Going in to the 2009 season, Jeffrey Inman was one of the top juniors in the country, and looked like a potential first round draft pick. Baseball America rated him as the 20th best college prospect in the draft in February 2009, which happened to be 32 spots ahead of current Washington Nationals’ closer, Drew Storen.
Inman was coming off a sophomore year at Stanford where he put up a 4.27 ERA in 71.2 innings. He had a strong campaign in the Cape Cod league, following the sophomore year. He could throw in the low-90s, and touch 96 MPH. Everything was set for a big breakout junior year. Unfortunately that’s not how it played out.
“It was a tough year,” Inman told me, describing his 2009 season. Tough is an extreme understatement.
Inman put up a 6.11 ERA in 53 innings and 11 starts during his junior year. He was also suffering from a shoulder injury, described as shoulder tendonitis. Because of this injury, his velocity trailed off, dropping as low as the low-80s in May 2009, one month before the draft. All of this caused him to drop from a potential first round pick, to being selected by the Pirates in the 12th round, with the 355th selection.
The Pirates went heavy that off-season on over-slot signings, and Inman was obviously a target, due to his former top prospect status. However, they had to make sure Inman was healthy first.
“I had a chance to work with a couple scouts, and they saw I was back to full health, and once they made me an offer I was ready to sign,” said Inman, describing how he ended up signing with the team.
Inman was back to full health, as reports from the end of the 2009 season indicated that he was throwing in the 93-95 MPH range during his four games with the Pirates. It was starting to look like the $425,000 investment in Inman would pay off, with the right hander looking to return to what made him one of the top draft prospects heading in to his junior year at Stanford. Then a new injury came up, which caused Inman to miss the entire 2010 season.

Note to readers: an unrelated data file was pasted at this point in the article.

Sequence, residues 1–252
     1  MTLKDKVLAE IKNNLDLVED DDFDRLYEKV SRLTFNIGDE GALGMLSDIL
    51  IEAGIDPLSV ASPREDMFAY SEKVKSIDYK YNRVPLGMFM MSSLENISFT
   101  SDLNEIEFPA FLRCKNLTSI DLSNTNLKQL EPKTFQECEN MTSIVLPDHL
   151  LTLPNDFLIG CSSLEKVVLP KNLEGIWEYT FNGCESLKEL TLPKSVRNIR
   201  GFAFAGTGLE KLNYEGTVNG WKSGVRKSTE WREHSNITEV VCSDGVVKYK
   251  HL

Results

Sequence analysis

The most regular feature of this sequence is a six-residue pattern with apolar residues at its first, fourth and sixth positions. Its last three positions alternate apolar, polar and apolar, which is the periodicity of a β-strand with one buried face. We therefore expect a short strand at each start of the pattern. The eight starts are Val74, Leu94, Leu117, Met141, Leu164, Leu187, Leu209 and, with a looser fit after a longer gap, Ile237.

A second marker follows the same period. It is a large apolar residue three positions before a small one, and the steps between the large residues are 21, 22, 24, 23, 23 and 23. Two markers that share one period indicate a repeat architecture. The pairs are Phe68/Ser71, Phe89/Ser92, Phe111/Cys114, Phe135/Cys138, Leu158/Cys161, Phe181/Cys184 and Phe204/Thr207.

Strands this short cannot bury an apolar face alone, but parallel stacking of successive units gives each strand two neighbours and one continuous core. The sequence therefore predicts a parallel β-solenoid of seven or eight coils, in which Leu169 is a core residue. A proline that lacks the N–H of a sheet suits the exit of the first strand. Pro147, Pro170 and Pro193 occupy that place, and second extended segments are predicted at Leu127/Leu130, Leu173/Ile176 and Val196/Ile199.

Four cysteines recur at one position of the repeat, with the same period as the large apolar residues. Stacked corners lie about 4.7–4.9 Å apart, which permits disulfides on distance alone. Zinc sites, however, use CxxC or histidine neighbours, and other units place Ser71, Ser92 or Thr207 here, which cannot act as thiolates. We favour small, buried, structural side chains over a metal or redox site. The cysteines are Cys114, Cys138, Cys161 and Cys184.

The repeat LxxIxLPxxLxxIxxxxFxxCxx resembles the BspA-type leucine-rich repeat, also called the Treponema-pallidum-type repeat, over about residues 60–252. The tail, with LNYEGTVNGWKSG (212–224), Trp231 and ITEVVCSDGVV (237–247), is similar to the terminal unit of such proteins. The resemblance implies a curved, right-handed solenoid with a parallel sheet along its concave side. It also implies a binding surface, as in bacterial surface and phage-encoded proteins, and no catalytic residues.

“It was a new injury last Spring Training, my elbow just started hurting when I was pitching. I tried to pitch through a couple games in Spring Training, and it just wasn’t working, and they shut me down.”
Inman tried to come back a few times throughout the season, but each attempt was unsuccessful. By the end of the season, his elbow was feeling better again. The Florida instructional leagues rolled around, and his velocity had returned. So far this Spring his velocity has been in the 90-93 MPH range, which is a good sign for Inman’s potential to bounce back.
“Right now I’m just trying to get a couple of pitches back, my curveball and changeup, and it’s feeling good,” Inman mentioned, describing what he’s working on this Spring. He mentions that his fastball feels good coming out of his hand, and his elbow feels strong, which leaves room for optimism that his 2010 injury is behind him. As for his role in 2011:
“As far as I know I’m going to start. I mean I might be used out of relief, I don’t know. I’m just working as a starter in my routines right now.”
One downside for Inman is that, while he was missing the entire 2010 season, other prospects were catching up to him. The Pirates project to have a full rotation in Bradenton, with Quinton Miller, Kyle McPherson, Nathan Baker, Phillip Irwin, Brett Lorin, and Tim Alderson all battling for spots. In West Virginia, the rotation could include Zack Von Rosenberg, Colton Cain, Zack Dodson, Tyler Waldron, Zac Fuesser, and other 2009 and 2010 draft picks. Rotation spots will be hard to come by, and with Inman coming back from a missed year due to injuries, he might not be a candidate for one of those spots.
Right now Inman is starting to get the feel for his changeup again, which is an important pitch to have if he wants to make it as a starter. He throws a solid curveball, and likes using that as his second pitch. The big thing will be his fastball.
“I’m working on my fastball right now because I’m trying to get my delivery back. Obviously I didn’t pitch much last year. It’s been mostly fastballs, and then throwing the curveball/changeup when I get a chance to.”
The Pirates have a lot of pitching talent in the lower levels, but no team can ever have too much pitching. For the former reason, Inman might have trouble finding substantial innings. For the latter reason, the Pirates need Inman to finally rebound to the top prospect that he was projected to become prior to the 2009 season. That would be a huge bonus for a team that has so many rotation issues in the majors. Inman is looking good in Spring Training, and is feeling fully recovered from his 2010 injury. That combination could allow the Pirates to see a return on their $425 K investment during the 2011 season, as Inman prepares to have a bounce back season.
Tim started Pirates Prospects in 2009 from his home in Virginia, which was 40 minutes from where Pedro Alvarez made his pro debut in Lynchburg. That year, the Lynchburg Hillcats won the Carolina League championship, and Pirates Prospects was born from Tim's reporting along the way. The site has grown over the years to include many more writers, and Tim has gone on to become a credentialed MLB reporter, producing Pirates Prospects each year, and will publish his 11th Prospect Guide this offseason. He has also served as the Pittsburgh Pirates correspondent for Baseball America since 2019. Behind the scenes, Tim is an avid music lover, and most of the money he gets paid to run this site goes to vinyl records.